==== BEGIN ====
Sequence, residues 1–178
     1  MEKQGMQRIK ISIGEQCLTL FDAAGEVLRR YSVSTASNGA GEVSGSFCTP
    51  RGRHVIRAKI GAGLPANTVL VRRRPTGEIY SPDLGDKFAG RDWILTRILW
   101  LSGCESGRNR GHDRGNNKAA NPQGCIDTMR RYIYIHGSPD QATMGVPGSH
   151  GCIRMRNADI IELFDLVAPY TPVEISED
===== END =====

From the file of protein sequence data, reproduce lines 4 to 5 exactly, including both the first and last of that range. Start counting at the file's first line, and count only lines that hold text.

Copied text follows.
   101  LSGCESGRNR GHDRGNNKAA NPQGCIDTMR RYIYIHGSPD QATMGVPGSH
   151  GCIRMRNADI IELFDLVAPY TPVEISED